1. Joined
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    05 Dec '14 10:481 edit
    http://phys.org/news/2014-12-superconductivity-cooling.html
    "...With the aid of short infrared laser pulses, researchers have succeeded for the first time in making a ceramic superconducting at room temperature – albeit for only a few millionths of a microsecond.
    ..."

    "a few millionths of a microsecond" translates into just a few pecoseconds which isn't long! But, still, I find the fact that they achieved room temperature superconductivity for pecoseconds intriguing for it at least proves that room temperature superconductivity is possible albeit only for extremely short time periods and this begs the billion dollar question; is there a way to design a superconductor that can maintain that room temperature superconductivity indefinitely?
  2. Subscribersonhouse
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    05 Dec '14 11:031 edit
    Originally posted by humy
    http://phys.org/news/2014-12-superconductivity-cooling.html
    "...With the aid of short infrared laser pulses, researchers have succeeded for the first time in making a ceramic superconducting at room temperature – albeit for only a few millionths of a microsecond.
    ..."

    "a few millionths of a microsecond" translates into just a few pecoseconds which isn't lo ...[text shortened]... design a superconductor that can maintain that room temperature superconductivity indefinitely?
    Ah, you beat me to it! I thought it read microseconds which is why I named my post that. At the picosecond level, the electrons would move maximum 300 microns, that is a good bit of distance at the atomic level. That amounts to about 3 million Angstroms, or about 1 million or so atom widths so it is still significant.
  3. Cape Town
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    05 Dec '14 11:27
    Originally posted by sonhouse
    Ah, you beat me to it!
    He beat you by a factor of a thousand!

    If the laser is repeatedly fired every few milliseconds, will the super conductivity be enough to take advantage of some superconducting effects?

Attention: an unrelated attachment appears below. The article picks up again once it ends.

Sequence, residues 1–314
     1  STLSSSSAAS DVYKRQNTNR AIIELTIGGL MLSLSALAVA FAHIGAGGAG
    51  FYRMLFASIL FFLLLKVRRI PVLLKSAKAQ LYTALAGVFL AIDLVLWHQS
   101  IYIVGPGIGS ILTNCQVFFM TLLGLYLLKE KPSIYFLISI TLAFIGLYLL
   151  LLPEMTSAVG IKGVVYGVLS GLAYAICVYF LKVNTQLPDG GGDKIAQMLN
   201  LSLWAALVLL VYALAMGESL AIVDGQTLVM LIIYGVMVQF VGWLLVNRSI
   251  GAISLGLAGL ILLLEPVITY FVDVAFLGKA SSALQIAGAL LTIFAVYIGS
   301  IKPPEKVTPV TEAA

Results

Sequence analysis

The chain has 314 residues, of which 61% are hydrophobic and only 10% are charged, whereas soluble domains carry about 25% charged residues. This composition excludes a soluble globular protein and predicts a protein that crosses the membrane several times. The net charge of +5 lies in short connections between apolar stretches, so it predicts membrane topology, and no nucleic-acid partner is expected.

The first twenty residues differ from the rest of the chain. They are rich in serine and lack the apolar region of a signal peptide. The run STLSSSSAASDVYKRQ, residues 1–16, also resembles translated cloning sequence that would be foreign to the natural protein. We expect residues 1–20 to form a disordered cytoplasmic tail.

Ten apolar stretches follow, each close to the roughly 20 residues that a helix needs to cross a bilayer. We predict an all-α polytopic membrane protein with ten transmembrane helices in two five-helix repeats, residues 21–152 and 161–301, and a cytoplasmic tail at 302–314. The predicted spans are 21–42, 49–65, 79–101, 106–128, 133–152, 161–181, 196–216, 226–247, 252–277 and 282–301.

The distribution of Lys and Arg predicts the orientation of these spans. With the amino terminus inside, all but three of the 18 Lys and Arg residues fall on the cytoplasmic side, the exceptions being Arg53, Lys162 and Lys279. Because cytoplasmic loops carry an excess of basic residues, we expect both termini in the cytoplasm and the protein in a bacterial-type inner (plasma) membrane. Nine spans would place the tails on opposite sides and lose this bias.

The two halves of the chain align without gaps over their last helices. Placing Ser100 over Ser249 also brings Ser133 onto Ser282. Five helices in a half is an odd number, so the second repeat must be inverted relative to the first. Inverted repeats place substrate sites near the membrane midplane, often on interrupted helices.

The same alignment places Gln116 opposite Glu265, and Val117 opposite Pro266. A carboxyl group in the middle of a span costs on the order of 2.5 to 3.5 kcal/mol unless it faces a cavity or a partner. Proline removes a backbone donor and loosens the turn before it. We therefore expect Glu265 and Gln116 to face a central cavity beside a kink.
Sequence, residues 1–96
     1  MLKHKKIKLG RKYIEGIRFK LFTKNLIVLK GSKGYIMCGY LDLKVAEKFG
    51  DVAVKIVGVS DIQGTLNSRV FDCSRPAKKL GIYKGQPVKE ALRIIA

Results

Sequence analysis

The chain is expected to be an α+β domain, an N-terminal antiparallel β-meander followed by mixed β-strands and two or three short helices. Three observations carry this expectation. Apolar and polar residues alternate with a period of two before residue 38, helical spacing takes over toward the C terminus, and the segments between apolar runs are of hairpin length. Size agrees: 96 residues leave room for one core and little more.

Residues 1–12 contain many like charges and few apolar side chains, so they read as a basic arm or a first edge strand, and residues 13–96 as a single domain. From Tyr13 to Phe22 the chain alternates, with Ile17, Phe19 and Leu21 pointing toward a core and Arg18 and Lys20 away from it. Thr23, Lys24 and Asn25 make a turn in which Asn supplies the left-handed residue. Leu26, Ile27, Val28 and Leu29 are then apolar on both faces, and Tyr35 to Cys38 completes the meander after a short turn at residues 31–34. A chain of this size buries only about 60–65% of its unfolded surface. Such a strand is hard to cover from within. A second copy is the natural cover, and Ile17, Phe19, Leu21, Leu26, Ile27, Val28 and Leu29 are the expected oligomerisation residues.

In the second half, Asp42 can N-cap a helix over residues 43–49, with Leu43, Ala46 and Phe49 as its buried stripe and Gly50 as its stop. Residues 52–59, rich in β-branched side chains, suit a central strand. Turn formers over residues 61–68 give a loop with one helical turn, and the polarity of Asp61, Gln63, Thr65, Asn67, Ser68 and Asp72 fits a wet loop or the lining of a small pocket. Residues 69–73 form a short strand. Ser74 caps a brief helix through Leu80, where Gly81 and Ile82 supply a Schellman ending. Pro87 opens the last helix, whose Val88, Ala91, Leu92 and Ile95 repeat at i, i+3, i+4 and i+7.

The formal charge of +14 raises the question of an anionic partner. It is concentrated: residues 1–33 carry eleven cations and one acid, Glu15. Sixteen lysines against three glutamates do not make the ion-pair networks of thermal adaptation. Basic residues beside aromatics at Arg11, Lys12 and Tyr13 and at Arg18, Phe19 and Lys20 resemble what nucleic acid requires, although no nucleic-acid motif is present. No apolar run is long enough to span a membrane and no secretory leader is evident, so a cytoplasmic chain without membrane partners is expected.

4. Subscribersonhouse
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    05 Dec '14 13:31
    Originally posted by twhitehead
    He beat you by a factor of a thousand!

    If the laser is repeatedly fired every few milliseconds, will the super conductivity be enough to take advantage of some superconducting effects?
    Yep, I acknowledged that also🙂 I analyzed how far the electrons would go assuming they were going at c and it was quite a distance so there were quite a number of atoms involved, 300 microns travel length and several million angstroms, that covers a lot of molecules. So even pico seconds is important.
  5. Joined
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    05 Dec '14 23:022 edits
    Originally posted by sonhouse
    Yep, I acknowledged that also🙂 I analyzed how far the electrons would go assuming they were going at c and it was quite a distance so there were quite a number of atoms involved, 300 microns travel length and several million angstroms, that covers a lot of molecules. So even pico seconds is important.
    300 microns travel length ...


    A square shaped area of 300 microns diagonally corner to corner is about 212 by 212 microns.
    Taking the Apple A8 microprocessor as typical modern one; that has about 2,000,000,000 transistors and an area of 89mm2 ( see http://en.wikipedia.org/wiki/Transistor_count ) which works out as slightly over one million ( ~1,009,891 to be more accelerate ) transistors per 212 by 212 microns area of microchip. So, with that 300 microns travel length, that might be enough to allow a microcircuit with a practical maximum of very roughly one million transistors ( plus wires ) to process data without having to store in memory intermediate results within a single computer clock cycle ( I hope I got that all both conceptually and mathematically correct )
  6. Subscribersonhouse
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    06 Dec '14 02:16
    Originally posted by humy
    300 microns travel length ...


    A square shaped area of 300 microns diagonally corner to corner is about 212 by 212 microns.
    Taking the Apple A8 microprocessor as typical modern one; that has about 2,000,000,000 transistors and an area of 89mm2 ( see http://en.wikipedia.org/wiki/Transistor_count ) which works out as slightly over one mil ...[text shortened]... ngle computer clock cycle ( I hope I got that all both conceptually and mathematically correct )
    Don't forget the pulsing laser that has to be the heartbeat of the system to keep up the super stuff.....
  7. Germany
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    06 Dec '14 08:27
    It's not really "room temperature" if it's a non-equilibrium effect.
  8. Subscribersonhouse
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    06 Dec '14 13:34
    Originally posted by KazetNagorra
    It's not really "room temperature" if it's a non-equilibrium effect.
    As far as I can see, it is just a tool to study exotic superconductivity effects. I hope it leads to something real. As does every one else for sure.
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